• Social Justice Council News, September 2018

    Literature, Film and Drama Contingent:

    Some of us thought a lot was “lost in translation,” even with translators in the room, on August 5th. Shahrnush Parsipur, the LFDC’s guest novelist, memoirist and writer of children’s books, did not understand our awe of her courage, stamina and will to live during four incarcerations in prison, wherein she withstood – and watched others suffer worse – ill-treatment and abuse. We surmised that her writing was her salvation. Many thanks to Fereshte and Frank Mofidi, Mac Lingo, and especially to Susan Singh, who introduced us to Shahrnush. For September, we’re reading the works of Tim Wise: Dear White People: Letter to a New Minority, and White Like Me: Reflections on Race from a Privileged Son. All are welcome to join us!

    Immigrant Justice:

    In the campaign to raise money for bond for those immigrant adults detained at the West County Detention Facility by the Sheriff’s department under contract from ICE, UUCB has raised over $6500 and efforts throughout the area have raised over $100,000. There are no longer any federal ICE detainees being held at WCDF. Unfortunately for those who have been transferred, this has created negative consequences to their immigration court cases and access to legal counsel and family visitation. We will continue to support them and their families as they fight to come back home. There will be one last interfaith vigil at the WCDF on September 1, 11 am–noon.

    The Social Justice Council is soliciting nominations for next year’s Good Neighbor program.  Proposed organizations must be 501(c)3 nonprofits that promote social, economic, racial and/or environmental justice or peace. The organization needs to be based in Alameda or Contra Costa County. We will be reviewing all of the proposed nonprofits at our next Social Justice Council meeting on the evening of Sunday, September 9. Nomination forms can be picked up at the Social Justice Council table before or after the service. Please turn in your completed form to the social justice council mailbox in the office. If you have any questions, please contact Natalie Campbell at nataliehcampbell@yahoo.com.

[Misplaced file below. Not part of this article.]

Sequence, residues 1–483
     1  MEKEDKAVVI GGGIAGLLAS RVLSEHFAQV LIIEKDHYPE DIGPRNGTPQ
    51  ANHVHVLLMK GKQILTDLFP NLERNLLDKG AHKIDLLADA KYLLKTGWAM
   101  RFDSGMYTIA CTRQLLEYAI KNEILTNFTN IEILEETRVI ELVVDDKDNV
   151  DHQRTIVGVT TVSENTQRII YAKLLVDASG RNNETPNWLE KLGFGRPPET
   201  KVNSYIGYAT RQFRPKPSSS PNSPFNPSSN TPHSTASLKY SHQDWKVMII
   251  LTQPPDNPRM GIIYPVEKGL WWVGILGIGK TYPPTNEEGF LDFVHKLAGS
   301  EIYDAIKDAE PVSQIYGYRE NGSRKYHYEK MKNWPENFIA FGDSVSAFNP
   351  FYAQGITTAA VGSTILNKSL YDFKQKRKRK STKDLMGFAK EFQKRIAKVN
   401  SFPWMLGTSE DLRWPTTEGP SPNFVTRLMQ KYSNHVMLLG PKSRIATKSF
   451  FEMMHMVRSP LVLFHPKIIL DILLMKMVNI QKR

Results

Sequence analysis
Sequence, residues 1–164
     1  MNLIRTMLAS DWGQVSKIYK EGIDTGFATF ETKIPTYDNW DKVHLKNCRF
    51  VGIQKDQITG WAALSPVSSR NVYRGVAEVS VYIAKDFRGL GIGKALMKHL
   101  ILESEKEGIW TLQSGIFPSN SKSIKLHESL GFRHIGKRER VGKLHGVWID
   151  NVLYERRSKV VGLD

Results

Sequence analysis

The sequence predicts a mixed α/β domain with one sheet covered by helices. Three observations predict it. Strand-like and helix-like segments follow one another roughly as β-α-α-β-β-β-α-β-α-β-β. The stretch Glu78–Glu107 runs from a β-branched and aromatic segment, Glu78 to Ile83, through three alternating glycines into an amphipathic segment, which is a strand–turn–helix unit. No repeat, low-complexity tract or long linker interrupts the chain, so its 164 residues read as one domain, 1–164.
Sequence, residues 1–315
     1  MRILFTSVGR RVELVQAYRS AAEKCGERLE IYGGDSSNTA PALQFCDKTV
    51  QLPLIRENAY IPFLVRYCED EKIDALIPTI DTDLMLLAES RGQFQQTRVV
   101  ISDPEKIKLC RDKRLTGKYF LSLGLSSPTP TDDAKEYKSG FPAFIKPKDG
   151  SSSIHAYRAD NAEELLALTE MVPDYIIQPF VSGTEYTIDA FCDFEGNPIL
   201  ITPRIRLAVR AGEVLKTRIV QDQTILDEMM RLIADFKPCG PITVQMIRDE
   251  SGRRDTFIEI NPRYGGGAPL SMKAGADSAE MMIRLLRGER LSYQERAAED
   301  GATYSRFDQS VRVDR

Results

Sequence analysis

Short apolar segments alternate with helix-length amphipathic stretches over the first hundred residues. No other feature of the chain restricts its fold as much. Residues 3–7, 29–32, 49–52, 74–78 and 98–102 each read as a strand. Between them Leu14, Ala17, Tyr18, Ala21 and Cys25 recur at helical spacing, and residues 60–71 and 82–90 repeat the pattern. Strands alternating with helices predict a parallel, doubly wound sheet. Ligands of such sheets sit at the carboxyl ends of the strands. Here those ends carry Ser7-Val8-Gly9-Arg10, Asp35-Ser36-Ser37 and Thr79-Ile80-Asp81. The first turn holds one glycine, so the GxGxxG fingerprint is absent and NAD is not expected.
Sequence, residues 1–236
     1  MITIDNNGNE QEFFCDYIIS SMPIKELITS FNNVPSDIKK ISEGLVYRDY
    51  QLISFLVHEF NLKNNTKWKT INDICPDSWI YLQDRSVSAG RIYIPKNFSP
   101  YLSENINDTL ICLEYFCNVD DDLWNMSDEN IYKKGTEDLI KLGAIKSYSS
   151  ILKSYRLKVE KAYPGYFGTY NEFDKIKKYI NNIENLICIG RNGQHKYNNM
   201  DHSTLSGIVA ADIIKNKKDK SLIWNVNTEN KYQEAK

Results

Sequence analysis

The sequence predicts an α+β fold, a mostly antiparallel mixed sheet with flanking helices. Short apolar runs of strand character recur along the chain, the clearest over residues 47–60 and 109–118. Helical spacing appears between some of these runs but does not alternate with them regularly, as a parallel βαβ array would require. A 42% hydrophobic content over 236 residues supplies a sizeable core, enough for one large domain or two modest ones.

Upcoming Event:

    The Social Justice Council invites you to join us on Saturday, October 13, at 7 pm for a FREE screening of the film HUMAN FLOW by Chinese dissident Ai Weiwei. After years of house arrest, he was given back his passport two years ago and relocated to Berlin. He then visited 23 countries within a year, filming refugees in camps around the globe.  FYI: This event coincides with Parents Night Out, when the church offers free childcare.

    The doors open at 5:30 pm for art-making with Sylvia Parisotto; story-telling with our guests; and light refreshments.   FREE — tix REQUIRED:  humanflowuucb.eventbrite.com

    TRAILER:  https://www.youtube.com/watch?v=DVZGyTdk_BY

    Will our global society emerge from fear, isolation, and self-interest and choose a path of openness, freedom, and respect for humanity?

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  • Social Justice, August 2018

    Literature, Film & Drama Contingent:

    Andrea Brown artfully facilitated the LFDC’s discussion of the powerfully poetic prose of Claudia Rankine in Citizen: An American Lyric. Next month, Shahrnush Parsipur will be our guest. She’s a prolific Iranian writer with stories to tell! Check out her website: https://www.shahrnushparsipur.com/, or her Wikipedia page: https://en.wikipedia.org/wiki/Shahrnush_Parsipur.

    Social Justice Potluck Dinner and Meeting:

    Our July monthly meeting started out with the second annual “Congrats to Grads” as we celebrated the three 18-year-old church members who graduated from high school this year.  Lonnie Moseley led the celebration to honor Lindsey Lam, Sidney Camara-Hurtado, Malcolm Dawkins and their families. Those attending took turns reading a line from “Prayer for Our Children,” written by the Rev. Robert F. Kaufmann.

    Enough funds were donated from church members over the last month to give each graduate a $350 check, as well as an additional $100 to last year’s graduates. Lonnie emphasized UUCB community past support for those honored and in the future to continue to expect support as adults.  Lindsey and Sidney were present and thanked Lonnie and the meeting for the moral and financial support.

    Cordell Sloan and Helen Toy gave a report on the conference, “The Kerner Commission Report at Fifty.”  The original investigation and report on the condition of African Americans in U.S. society was commissioned by then-President Lyndon B. Johnson after the devastating riots of 1967.  The final report was so candid in its assessments that Johnson attempted to suppress it. Commission members saw that it was released before the president could order its shelving. The original report is famous for concluding, “Our nation is moving toward two societies, one black, one white—separate and unequal.”